The Kelvingrove Art Gallery and Museum is a museum and art gallery in Glasgow, Scotland. It reopened in 2006 after a three-year refurbishment and since then has been one of Scotland's most popular visitor attractions.
The centrepiece of the Centre Hall is a concert pipe organ constructed and installed by Lewis & Co. The organ was originally commissioned as part of the Glasgow International Exhibition, held in Kelvingrove Park in 1901. The organ was installed in the concert hall of the exhibition, which was capable of seating 3,000 people. The Centre Hall of the then newly completed Art Gallery and Museum was intended from the beginning to be a space in which to hold concerts.
The museum's collections came mainly from the McLellan Galleries and from the old Kelvingrove House Museum in Kelvingrove Park. It has one of the finest collections of arms and armour in the world and a vast natural history collection. The art collection includes many outstanding European artworks, including works by the Old Masters (Rembrandt van Rijn, Gerard de Lairesse, and Jozef Israëls), French Impressionists (such as Claude Monet, Pierre-Auguste Renoir, Camille Pissarro, Vincent van Gogh and Mary Cassatt), Dutch Renaissance, Scottish Colourists and exponents of the Glasgow School.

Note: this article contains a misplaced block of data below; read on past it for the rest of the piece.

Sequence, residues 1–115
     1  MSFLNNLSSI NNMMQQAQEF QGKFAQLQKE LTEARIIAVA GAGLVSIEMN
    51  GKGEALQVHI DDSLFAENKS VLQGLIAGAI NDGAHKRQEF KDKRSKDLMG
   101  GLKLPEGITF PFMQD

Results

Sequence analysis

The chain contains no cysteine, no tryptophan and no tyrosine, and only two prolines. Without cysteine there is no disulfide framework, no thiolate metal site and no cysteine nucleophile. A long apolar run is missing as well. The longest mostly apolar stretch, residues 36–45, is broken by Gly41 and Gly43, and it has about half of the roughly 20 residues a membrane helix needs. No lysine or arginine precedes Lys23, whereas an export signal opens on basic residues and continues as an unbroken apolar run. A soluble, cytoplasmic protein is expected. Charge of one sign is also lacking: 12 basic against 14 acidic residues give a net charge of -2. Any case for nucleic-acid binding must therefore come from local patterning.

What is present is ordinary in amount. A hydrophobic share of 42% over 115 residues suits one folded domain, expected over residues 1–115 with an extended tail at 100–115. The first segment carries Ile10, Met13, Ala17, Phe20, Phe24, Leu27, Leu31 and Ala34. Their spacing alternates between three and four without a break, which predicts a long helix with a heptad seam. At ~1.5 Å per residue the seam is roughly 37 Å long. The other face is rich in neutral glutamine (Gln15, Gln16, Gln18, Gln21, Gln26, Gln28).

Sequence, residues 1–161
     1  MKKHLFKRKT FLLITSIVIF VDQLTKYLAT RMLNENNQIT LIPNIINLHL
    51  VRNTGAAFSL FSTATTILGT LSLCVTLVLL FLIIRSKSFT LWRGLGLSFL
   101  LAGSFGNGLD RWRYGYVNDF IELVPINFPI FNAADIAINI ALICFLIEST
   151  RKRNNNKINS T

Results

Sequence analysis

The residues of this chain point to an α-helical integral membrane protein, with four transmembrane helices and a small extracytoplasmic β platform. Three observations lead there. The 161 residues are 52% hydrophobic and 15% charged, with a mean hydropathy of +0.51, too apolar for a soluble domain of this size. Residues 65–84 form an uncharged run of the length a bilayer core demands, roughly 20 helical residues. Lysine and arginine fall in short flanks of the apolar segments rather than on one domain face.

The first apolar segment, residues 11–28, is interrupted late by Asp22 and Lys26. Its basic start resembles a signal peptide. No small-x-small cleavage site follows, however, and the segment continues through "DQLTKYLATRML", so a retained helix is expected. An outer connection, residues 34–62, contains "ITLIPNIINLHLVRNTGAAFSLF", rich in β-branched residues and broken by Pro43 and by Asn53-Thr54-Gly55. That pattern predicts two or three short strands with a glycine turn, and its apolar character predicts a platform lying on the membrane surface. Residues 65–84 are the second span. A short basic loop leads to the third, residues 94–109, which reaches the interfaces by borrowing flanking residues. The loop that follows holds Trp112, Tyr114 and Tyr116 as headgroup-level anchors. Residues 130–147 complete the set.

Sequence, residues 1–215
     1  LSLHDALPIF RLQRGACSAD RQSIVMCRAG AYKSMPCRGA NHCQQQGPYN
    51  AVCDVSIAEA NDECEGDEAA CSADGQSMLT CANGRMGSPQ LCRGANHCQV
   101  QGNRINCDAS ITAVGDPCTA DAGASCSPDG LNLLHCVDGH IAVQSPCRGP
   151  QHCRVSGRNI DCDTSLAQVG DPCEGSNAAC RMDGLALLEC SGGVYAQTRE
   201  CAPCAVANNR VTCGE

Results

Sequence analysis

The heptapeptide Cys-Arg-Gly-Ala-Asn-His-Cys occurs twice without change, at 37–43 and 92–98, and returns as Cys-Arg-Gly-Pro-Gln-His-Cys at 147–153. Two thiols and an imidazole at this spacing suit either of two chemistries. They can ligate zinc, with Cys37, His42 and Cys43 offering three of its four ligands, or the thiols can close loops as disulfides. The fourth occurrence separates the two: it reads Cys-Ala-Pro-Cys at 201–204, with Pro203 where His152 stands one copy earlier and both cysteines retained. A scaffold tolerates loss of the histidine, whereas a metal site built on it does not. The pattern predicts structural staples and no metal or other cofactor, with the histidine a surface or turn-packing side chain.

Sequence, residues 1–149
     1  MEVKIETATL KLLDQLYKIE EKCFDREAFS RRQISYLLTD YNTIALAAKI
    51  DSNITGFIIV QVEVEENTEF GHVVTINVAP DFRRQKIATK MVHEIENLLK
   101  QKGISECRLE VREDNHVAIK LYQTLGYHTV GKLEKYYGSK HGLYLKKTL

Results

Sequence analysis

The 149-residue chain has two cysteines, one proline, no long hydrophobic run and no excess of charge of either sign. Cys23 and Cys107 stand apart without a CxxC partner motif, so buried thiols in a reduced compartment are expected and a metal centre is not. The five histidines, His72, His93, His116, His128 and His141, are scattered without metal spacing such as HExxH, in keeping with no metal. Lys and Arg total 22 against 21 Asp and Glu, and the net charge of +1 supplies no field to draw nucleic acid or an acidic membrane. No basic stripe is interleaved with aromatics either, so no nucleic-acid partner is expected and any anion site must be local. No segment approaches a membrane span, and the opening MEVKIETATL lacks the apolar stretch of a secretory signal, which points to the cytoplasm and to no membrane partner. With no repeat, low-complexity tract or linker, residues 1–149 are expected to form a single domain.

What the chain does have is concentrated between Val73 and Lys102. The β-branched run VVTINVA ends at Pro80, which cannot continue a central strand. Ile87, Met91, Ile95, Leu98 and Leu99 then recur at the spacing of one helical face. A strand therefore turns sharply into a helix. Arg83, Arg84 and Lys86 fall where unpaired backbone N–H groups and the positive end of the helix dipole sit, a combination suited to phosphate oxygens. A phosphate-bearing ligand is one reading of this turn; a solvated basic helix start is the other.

The museum houses Christ of Saint John of the Cross by Salvador Dalí. The copyright of this painting was bought by the curator at the time after a meeting with Dalí himself. For a period between 1993 and 2006, the painting was moved to the St Mungo Museum of Religious Life and Art.
The museum also contains a large gift of the decorative arts from Anne Hull Grundy, an art collector and philanthropist, covering the history of European jewellery in the 18th and 19th centuries.
There is a popular myth in Glasgow, that the building was accidentally built back-to-front, and the architect jumped from one of the towers in despair, when he realised his mistake. This is only an urban myth. The grand entrance was always intended to face into Kelvingrove Park.